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Taking Sides In Peacekeeping: Impartiality And The Future Of The United Nations


United Nations peacekeeping has undergone radical transformation in the new millennium. 'Taking Sides in Peacekeeping' explores this transformation and its implications, in what is the first conceptual and empirical study of impartiality in UN peacekeeping. The book challenges dominant scholarly approaches that conceive of norms as linear and static, conceptualizing impartiality as a 'composite' norm, one that is not free-standing but an aggregate of other principles-each of which can change and is open to contestation. Drawing on a large body of primary evidence, it uses the composite norm to trace the evolution of impartiality, and to illuminate the macro-level politics surrounding its institutionalization at the UN, as well as the micro-level politics surrounding its implementation in the Democratic Republic of the Congo, site of the largest and costliest peacekeeping mission in UN history. This book reveals that, despite a veneer of consensus, impartiality is in fact highly contested. As the collection of principles it refers to has expanded to include human rights and civilian protection, deep disagreements have arisen over what keeping peace impartially actually means. Beyond the semantics, the book shows how this contestation, together with the varying expectations and incentives created by the norm, has resulted in perverse and unintended consequences that have politicized peacekeeping and, in some cases, effectively converted UN forces into one warring party among many. The author assesses the implications of this radical transformation for the future of peacekeeping and for the UN's role as guarantor of international peace and security.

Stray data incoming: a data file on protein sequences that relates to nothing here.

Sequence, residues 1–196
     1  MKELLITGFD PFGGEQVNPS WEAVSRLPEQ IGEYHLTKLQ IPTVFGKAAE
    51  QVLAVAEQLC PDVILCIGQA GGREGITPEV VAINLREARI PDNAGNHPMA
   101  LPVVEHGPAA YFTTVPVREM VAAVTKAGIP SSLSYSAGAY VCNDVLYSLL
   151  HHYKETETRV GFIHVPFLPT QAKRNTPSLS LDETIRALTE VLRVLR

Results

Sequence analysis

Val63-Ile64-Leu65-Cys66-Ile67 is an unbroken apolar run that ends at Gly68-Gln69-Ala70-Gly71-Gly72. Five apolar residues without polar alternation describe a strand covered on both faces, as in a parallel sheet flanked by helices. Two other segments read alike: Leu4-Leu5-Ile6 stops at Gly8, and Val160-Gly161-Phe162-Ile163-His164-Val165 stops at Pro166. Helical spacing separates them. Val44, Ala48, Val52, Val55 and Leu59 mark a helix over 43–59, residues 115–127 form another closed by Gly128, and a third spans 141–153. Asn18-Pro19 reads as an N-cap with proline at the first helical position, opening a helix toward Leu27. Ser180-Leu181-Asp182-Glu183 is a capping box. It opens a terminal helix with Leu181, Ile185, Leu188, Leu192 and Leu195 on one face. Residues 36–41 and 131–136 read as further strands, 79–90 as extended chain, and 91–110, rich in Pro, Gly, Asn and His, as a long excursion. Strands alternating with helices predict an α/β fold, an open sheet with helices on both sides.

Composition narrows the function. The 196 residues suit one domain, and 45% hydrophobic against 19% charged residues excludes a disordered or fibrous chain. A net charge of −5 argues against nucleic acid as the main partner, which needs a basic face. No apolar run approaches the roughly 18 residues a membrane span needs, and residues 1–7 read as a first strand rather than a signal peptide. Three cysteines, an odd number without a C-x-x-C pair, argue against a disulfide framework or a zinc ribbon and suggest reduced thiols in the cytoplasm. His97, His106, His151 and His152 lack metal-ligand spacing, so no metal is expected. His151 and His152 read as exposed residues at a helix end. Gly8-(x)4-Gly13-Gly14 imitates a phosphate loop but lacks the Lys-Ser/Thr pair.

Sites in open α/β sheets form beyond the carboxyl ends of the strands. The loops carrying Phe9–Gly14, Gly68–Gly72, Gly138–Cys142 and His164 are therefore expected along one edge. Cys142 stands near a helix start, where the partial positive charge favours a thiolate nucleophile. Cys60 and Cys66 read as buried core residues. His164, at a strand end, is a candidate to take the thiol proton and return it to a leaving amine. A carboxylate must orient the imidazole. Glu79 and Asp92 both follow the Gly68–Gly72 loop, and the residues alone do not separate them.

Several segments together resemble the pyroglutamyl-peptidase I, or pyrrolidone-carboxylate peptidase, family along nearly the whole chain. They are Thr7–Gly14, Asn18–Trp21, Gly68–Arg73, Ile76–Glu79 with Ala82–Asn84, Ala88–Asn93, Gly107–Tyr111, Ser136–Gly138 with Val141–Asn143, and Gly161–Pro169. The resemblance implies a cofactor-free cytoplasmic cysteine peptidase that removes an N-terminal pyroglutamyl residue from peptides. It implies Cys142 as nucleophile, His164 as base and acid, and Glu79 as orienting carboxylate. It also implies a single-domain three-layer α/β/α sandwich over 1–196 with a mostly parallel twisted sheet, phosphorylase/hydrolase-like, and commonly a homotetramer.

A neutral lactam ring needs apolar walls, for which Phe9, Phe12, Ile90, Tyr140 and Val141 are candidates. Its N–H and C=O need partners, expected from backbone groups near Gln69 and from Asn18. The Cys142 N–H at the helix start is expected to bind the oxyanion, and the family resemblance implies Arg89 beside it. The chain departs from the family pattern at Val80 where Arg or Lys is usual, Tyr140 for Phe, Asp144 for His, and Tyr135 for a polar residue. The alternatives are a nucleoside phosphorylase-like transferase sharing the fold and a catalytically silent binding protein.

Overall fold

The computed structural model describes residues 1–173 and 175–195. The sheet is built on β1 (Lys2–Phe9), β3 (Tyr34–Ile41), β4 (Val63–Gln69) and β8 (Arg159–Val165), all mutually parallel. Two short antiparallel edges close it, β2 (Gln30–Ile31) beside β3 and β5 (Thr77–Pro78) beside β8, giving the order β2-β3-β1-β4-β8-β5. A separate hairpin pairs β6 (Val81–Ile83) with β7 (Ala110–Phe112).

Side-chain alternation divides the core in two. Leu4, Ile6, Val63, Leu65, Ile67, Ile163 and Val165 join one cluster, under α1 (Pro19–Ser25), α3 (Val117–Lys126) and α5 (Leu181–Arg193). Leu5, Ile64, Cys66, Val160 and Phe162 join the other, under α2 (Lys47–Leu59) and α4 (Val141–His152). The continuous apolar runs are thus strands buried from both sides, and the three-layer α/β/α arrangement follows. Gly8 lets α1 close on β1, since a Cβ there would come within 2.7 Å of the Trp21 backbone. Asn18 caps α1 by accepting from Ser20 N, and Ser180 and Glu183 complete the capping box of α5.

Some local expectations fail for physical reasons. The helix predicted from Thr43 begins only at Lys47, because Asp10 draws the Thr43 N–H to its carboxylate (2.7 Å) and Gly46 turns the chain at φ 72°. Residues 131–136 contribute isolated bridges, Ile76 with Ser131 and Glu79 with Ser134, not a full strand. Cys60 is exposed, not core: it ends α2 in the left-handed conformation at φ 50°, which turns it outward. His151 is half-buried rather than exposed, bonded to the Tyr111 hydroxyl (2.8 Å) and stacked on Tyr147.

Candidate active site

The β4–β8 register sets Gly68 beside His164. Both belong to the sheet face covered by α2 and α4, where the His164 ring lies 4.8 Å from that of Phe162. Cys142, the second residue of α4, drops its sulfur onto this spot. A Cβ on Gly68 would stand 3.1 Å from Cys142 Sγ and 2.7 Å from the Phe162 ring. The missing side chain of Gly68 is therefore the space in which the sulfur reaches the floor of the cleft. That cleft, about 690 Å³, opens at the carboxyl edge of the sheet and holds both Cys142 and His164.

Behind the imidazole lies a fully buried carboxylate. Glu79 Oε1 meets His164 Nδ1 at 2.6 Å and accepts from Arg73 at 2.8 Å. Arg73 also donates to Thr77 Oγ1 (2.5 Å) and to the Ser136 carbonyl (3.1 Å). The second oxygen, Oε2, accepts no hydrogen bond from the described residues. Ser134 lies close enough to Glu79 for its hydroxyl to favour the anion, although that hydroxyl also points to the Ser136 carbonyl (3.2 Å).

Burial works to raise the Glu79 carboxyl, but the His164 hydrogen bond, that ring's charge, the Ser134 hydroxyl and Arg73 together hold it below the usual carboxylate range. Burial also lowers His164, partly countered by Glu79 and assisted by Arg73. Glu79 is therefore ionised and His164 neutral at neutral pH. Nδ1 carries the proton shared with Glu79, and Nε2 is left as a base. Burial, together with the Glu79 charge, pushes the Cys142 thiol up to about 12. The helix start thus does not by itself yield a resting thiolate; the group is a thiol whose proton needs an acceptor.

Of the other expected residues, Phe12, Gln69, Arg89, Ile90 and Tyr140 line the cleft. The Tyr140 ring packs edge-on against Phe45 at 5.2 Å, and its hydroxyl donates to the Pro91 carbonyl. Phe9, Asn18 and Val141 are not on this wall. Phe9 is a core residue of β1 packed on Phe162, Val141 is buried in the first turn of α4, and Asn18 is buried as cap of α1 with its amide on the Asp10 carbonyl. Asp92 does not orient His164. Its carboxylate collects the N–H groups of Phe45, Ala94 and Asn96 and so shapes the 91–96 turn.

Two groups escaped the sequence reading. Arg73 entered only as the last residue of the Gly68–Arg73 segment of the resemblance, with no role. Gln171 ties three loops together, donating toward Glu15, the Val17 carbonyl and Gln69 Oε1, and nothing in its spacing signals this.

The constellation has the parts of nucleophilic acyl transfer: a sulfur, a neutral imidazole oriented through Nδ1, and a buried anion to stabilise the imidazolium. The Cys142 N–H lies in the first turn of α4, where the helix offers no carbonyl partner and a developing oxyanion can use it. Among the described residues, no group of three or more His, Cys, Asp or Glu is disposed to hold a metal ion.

United Nations, peacekeeping, world politics

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Oxford University Press


The introduction of this work has been made freely available courtesy of Oxford University Press.

This material was originally published in Taking Sides In Peacekeeping: Impartiality And The Future Of The United Nations by Emily Paddon Rhoads, and has been reproduced by permission of Oxford University Press. For permission to reuse this material, please visit

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